IEEs are a right that “matures,” meaning that parents can request one only when they disagree with the district’s evaluation or to fill in a gap in the district’s evaluation, Knudtson said. “In the event that an IEE is needed, it’s an important right. But the best course of action is to comprehensively evaluate that student to eliminate the need for an IEE in the future,” she said. Know what questions still remain after reviewing data about the student, she said. “If a comprehensive evaluation is planned together and there’s a thorough prior written notice memorializing that whole conversation, it’s less likely that a parent will allege that your evaluation is less than comprehensive,” Knudtson said.

  1. Opportunity to examine records“The openness of records is an important right, but it’s also a symbolic gesture of leveling the playing field and being transparent with parents,” Knudtson said.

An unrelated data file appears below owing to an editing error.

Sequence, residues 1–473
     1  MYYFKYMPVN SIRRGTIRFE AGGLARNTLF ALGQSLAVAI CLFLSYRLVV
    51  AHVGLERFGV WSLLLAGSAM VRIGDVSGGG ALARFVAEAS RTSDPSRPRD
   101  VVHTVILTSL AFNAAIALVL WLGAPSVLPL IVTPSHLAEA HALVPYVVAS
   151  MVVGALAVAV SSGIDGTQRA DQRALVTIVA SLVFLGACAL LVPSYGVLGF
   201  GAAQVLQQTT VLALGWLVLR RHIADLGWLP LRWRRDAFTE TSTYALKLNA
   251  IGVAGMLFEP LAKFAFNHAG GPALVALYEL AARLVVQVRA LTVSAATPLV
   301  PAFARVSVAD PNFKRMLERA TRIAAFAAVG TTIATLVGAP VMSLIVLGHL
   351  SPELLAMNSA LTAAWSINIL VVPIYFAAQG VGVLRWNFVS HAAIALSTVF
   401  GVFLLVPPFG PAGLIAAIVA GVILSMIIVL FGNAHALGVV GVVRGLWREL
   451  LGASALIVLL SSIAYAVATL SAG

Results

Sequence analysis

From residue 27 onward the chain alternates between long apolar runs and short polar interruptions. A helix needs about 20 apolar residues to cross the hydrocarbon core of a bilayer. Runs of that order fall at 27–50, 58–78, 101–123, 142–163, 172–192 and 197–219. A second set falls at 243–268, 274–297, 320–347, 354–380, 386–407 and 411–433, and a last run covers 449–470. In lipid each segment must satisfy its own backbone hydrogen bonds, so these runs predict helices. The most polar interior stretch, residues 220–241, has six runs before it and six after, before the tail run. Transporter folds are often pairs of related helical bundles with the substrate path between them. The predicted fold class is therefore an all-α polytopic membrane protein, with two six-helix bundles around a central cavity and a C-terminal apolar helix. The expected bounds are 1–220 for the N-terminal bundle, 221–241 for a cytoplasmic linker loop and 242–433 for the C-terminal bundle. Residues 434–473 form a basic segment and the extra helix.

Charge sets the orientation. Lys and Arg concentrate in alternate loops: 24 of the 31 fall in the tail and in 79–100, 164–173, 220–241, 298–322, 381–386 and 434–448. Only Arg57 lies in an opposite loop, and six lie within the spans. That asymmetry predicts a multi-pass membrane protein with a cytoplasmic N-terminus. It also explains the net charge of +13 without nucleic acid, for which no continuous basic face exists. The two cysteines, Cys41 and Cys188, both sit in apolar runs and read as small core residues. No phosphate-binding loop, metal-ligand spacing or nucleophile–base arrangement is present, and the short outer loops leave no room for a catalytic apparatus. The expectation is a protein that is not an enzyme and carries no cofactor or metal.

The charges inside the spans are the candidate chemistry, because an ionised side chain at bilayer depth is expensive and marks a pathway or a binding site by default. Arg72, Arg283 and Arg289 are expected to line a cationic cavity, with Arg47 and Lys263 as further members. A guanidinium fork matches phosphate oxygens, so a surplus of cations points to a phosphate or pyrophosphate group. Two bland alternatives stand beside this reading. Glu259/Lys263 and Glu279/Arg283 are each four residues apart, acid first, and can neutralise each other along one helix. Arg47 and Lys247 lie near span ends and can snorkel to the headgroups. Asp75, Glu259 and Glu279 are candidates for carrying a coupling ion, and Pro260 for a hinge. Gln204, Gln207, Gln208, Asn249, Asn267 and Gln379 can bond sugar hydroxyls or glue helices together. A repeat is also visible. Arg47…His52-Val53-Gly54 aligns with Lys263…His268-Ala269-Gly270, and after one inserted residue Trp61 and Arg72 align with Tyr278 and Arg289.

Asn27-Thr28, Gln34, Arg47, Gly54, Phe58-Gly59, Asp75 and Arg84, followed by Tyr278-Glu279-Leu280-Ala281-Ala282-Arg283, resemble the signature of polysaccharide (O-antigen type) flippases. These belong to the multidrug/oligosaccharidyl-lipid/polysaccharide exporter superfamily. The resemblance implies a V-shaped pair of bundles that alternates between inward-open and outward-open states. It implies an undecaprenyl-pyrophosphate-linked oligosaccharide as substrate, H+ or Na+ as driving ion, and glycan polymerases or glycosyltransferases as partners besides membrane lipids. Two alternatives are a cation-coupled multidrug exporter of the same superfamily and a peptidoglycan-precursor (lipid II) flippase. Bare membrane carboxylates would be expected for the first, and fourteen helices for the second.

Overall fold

Parents have the right to examine their child’s educational records that are maintained by the school district, Knudtson said. Preventing a parent from examining these records inhibits the parent’s opportunity to participate in the IEP process, which can rise to the level of a denial of FAPE, she said. Schools must provide records no later than 45 days after the parent requests them, she said. If possible, provide records sooner and before an upcoming IEP meeting, she said.